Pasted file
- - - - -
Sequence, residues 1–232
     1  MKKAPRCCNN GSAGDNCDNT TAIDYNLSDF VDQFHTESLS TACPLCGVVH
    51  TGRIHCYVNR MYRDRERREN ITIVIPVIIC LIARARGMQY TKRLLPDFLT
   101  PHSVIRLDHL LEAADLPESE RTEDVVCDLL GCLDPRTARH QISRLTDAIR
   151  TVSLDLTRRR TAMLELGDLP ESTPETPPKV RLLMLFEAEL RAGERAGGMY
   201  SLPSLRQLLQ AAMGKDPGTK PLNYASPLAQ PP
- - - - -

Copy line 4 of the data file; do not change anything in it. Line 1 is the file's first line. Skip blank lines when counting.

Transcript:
   101  PHSVIRLDHL LEAADLPESE RTEDVVCDLL GCLDPRTARH QISRLTDAIR